Dear Ms. Demeanor: I'm sick of my next-door neighbor's renovation project. Do I have any recourse?

By Dianne Ackerman  | April 5, 2019 - 3:00PM

My next-door neighbors are installing soundproof windows in their apartment. But in the meantime, their contractors are making tons of noise and leaving lots of dust and debris in the hall. And the project is taking forever. Do I have any recourse? Signed, Sick of my Neighbor’s Reno

Dear Sick,

The good news is that even with soundproof windows your neighbors are still going to hear those ambulances and car alarms. But seriously, this project should have a time limit on it and you should have some options.

When someone is doing any construction in our building, the board gives the shareholder a start and a finish date. If the project is not done by the stated end date, there is a fine. A good contractor can project a reasonable timeline. This goes for window installations as well as any other renovation work. Also, those living closest to the construction project are notified ahead of time and given those parameters.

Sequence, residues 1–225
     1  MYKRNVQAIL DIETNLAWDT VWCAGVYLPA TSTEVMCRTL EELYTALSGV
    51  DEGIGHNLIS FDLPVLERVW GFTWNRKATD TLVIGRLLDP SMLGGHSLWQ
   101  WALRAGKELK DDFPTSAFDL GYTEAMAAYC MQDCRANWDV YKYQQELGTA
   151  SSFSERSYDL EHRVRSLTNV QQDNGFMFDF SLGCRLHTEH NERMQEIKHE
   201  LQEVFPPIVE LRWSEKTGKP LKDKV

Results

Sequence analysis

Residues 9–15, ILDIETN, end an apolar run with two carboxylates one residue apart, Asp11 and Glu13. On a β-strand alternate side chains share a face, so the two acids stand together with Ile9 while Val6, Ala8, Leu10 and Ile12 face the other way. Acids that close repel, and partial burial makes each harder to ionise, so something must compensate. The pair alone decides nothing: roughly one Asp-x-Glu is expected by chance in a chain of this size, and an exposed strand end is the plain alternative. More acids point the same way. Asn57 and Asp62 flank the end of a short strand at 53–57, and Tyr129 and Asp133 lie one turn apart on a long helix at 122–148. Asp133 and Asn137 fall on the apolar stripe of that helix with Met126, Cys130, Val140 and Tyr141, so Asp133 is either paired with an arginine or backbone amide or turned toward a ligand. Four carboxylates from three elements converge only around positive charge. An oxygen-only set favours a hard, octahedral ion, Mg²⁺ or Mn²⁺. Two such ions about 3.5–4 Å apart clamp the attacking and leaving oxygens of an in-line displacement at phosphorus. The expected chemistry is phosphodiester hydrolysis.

Everyone has a right to renovate (with board approval) but they do not have a right to go on and on and disturb those around them forever. Also, there should be minimal mess in the common areas and clean up each evening. In our building, contractors may start no earlier than 9:00 AM and must be out of the building no later than 4:00 PM. So, speak to your board and see if there is a light at the end of the tunnel (or at least clean and quiet at the end of the hall).  

And when those windows are installed, invite yourself in for a drink and see if New York is still not the noisiest city in the world. The sounds may be muffled but I bet that drink that it will not be the same as living on a fifty-acre farm in Nebraska.

Ms. Demeanor

Dianne Ackerman is the new voice of reason behind Ms. Demeanor. She has lived in her Upper East Side co-op for the past 20 years and is the vice president of her co-op board. She is filled with opinions that she gladly shares with all who ask—and some who do not. Have something that needs sorting out? Drop her an email.


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